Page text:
How To Turn the Legal Profession On Its Head

February 20, 2013
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Legal education and the profession itself appear on the brink of major change, thanks largely to the work of Kyle McEntee and Patrick Lynch, co-founders of Law School Transparency. LST aims to make law school more affordable and to enable prospective students to make better decisions by increasing their access to school data (employment rates after graduation, for instance). This week, we talked to Kyle (ABA Journal 2012 Legal Rebel) about the future of how we train lawyers in this country.

Let’s start at beginning–how did you think of this? 

Patrick was a first-year student at Vanderbilt and I was an admitted student. I was deciding between Vanderbilt and Cornell and it was about: who’s going to put me in a job that I want? Vanderbilt provided the entire prospective student body with this employer spreadsheet–a list of where all their 2007 grads went to work. Patrick and I started asking why don’t other schools do this? We started researching and kind of uncovered a big problem. They were actively keeping it from people.

We spent the next year–my first in law school and his second–talking about this. Then in January 2009 we bought the domain name and I started working on the website. We incorporated in July and in August started working on a paper that ended up being 80 or 90 pages long. The paper let people know we had serious ideas and weren’t just complaining.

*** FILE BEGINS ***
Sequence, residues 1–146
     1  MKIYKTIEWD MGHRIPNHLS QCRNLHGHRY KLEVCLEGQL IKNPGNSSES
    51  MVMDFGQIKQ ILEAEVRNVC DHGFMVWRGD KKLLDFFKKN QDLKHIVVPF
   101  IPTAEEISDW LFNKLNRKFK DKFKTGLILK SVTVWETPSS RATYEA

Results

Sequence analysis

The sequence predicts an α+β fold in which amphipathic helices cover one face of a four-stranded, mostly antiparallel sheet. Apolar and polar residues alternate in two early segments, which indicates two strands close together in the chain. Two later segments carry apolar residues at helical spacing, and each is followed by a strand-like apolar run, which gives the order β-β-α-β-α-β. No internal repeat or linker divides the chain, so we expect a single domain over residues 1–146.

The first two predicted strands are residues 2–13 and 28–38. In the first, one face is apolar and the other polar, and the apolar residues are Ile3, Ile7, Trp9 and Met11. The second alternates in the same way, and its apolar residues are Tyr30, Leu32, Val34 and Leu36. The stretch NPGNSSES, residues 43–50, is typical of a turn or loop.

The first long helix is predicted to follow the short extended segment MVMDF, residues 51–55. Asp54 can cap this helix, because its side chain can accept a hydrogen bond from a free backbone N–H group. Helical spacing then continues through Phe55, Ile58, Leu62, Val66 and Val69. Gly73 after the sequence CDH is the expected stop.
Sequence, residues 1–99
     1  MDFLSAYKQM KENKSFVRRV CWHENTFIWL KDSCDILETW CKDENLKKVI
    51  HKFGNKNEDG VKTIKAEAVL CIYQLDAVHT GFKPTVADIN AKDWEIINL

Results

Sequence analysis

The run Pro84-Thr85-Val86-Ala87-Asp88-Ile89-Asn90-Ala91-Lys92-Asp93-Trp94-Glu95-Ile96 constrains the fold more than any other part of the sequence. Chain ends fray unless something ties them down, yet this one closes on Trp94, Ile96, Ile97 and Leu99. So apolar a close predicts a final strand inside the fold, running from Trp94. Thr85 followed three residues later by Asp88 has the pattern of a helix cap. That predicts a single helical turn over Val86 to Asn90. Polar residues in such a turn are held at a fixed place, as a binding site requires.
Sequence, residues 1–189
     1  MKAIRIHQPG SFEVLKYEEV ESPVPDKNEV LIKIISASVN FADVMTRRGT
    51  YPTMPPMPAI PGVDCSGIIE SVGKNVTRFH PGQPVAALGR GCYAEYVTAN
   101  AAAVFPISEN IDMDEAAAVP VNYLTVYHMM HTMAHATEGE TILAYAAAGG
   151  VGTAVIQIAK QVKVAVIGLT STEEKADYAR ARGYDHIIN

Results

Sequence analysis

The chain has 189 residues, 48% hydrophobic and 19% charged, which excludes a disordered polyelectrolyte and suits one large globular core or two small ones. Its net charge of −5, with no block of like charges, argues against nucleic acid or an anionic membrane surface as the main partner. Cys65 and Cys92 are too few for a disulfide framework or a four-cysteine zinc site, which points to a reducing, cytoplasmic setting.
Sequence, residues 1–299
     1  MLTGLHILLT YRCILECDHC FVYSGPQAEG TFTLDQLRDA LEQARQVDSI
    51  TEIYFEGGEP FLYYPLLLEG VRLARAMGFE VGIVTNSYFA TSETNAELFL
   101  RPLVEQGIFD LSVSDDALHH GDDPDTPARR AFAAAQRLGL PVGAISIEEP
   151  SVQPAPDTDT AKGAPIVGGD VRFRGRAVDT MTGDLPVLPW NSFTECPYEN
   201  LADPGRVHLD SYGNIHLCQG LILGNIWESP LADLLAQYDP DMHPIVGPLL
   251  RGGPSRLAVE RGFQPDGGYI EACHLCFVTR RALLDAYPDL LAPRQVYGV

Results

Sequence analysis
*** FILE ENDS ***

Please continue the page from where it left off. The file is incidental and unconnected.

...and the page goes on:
On top of that, the economy was crashing–which had nothing to do with us–but we were there at the right time. I think it was Rahm Emanuel who said never waste a good crisis. It’s a phrase we’ve been using internally for years.

As more people come to agree that legal education is too expensive and misleads prospective students about job prospects, there seem to be as many ideas about what to do. What do you make of the debate?

It’s a giant puzzle. These are extremely complex institutions that reside inside other complex institutions–university systems, then you have the ABA accreditation standards layer, the student loans layer, and the self-regulating legal profession layer. On top of all that, you have a society that depends on lawyers. You don’t want to change something without thinking about how doing so is going to affect the other areas. For example, as law schools bring in less money, they’re less of a cash cow for universities. This is not bad or good necessarily but needs to be considered.

Ultimately I think transparency is the grease that makes the wheels turn, if that’s the phrase.

Do you have a favorite model of what law school should look like?

I love the Modular Law School model. It facilitates getting nontraditional teachers, who we call adjuncts, into the classroom and shortens the course span–a bunch of short courses that are one or two credits each. You get the length of education down a lot and less expensive people into schools to teach practical skills. These are people who are practicing–not just lawyers but accountants, journalists…